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Jaimin Rajani's first album 'Cutting Loose' blends jazz, rock and country genres

Updated on: 03 September,2022 10:06 AM IST  |  Mumbai
Shriram Iyengar | shriram.iyengar@mid-day.com

With his first album, an indie composer blends jazz, rock and country genres with a little help from his friends

Jaimin Rajani's first album 'Cutting Loose' blends jazz, rock and country genres

Composer-songwriter Jaimin Rajani


Not every day does a debut indie album make you sit up and take notice. There is something refreshing yet nostalgic about Kolkata-based composer-songwriter Jaimin Rajani’s Cutting Loose, which dropped on August 19. For starters, the 14-song album is a departure from truncated EPs or singles that dominate the audioscape today. The work, a product of two years, is a compilation of some enjoyable originals with the added presence of stellar names such as Ralph Pais, Patrick Fitzsimmons, Rahul Ram and Susmit Bose, among others.


Drummer Aniruddha Saha at the recording session for the album
Drummer Aniruddha Saha at the recording session for the album



It was not easy, Rajani admits, about approaching these veteran artistes. “They had no reason to play on my songs. I am a nobody and was approaching them with no prior credentials,” he says. The solution was to send them his recordings with a simple request. In a cinematic twist, they all agreed. “I was lucky that to one turned me down,” he confesses. In the midst of 2021, the recordings took place remotely, with Pais working in Goa, Ram in Delhi and Fitzsimmons in his Texas recording studio.


A self-taught musician, the 31-year old composer picked up the guitar just eight years ago at 23, after several years of indirect music tutelage from Hank Williams, Cliff Richard, Bob Dylan and Dire Straits. “I was hearing these melodies in my head. In order to bring them out, I had to learn the instruments. It was the only way to materialise the songs in my head,” he reveals. The album, he adds, is a compilation of songs that he has been working on since then. It was only in 2020 that he felt ready to bring out the album.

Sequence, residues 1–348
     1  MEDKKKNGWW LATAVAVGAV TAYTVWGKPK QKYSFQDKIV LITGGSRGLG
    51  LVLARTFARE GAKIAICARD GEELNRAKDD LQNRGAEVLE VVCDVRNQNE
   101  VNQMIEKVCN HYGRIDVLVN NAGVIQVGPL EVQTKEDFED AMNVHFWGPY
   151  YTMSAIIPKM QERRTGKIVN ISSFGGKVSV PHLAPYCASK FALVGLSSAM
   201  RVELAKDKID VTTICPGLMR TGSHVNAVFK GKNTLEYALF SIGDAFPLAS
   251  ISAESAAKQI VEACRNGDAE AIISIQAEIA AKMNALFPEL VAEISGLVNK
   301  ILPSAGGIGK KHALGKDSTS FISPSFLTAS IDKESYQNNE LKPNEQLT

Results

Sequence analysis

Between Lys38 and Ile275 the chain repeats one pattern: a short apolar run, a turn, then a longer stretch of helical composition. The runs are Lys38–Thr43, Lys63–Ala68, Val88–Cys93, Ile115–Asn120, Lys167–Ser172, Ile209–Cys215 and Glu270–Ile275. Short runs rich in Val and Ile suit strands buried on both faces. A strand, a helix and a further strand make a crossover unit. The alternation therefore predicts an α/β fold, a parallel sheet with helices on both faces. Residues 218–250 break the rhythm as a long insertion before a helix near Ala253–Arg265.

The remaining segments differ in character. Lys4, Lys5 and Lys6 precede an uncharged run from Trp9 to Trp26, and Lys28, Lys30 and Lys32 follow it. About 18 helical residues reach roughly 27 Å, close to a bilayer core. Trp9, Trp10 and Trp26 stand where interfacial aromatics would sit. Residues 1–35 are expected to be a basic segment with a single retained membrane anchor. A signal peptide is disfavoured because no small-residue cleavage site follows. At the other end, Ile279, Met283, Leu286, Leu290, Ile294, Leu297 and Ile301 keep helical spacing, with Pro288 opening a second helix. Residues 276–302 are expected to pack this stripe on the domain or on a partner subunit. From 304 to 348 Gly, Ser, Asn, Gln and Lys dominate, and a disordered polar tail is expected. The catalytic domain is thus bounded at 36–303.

Rahul Ram features in the song She’s running late. Pic Courtesy/Uddhav Arora
Rahul Ram features in the song She’s running late. Pic Courtesy/Uddhav Arora

His first collaborator was lead guitarist Subharaj Ghosh with whom the songs were threshed out. “As a self-taught musician, I did not have the vocabulary to elaborate on my ideas. Subharaj was my translator and understood what I wanted in the songs,” Rajani explains. 

The jazz influence was  brought in by the trio of Arka Chakraborty, and drummers Arjun Chakraborty and Aniruddha Saha. The album is refreshingly original in its construction. The influence of jazz, blues and rock music is held in balance by Rajani’s lyrics. “The unified sound was a conscious attempt to be different from any other composition that was out there,” the composer elaborates.

Susmit Bose at a previous performance. Pic Courtesy/Facebook
Susmit Bose at a previous performance. Pic Courtesy/Facebook

This writer was impressed by the lyricality in She and She’s running late. While the former is elevated by Rajani’s lyrics and the intricacies of Pais on the guitar, the latter has the unmistakable signature of Ram’s bass. Then, there is Never Mind with Bose making a rare appearance. The composer marks it out as his favourite. “Every instrumentalist on the song was at their best, I feel,” he declares. This writer also recommends Something here — a song elevated by the use of Kalyan Majumdar’s captivating sitar solo and Abhay Sharma’s saxophone.

There is an old-school touch about the composer’s insistence of releasing the album in complete. “The converstion around new singles and EPs fades away after a month,” he says. The composer insists that he will take some time off before he sets out to work on his next project. For now, he should enjoy the good start.

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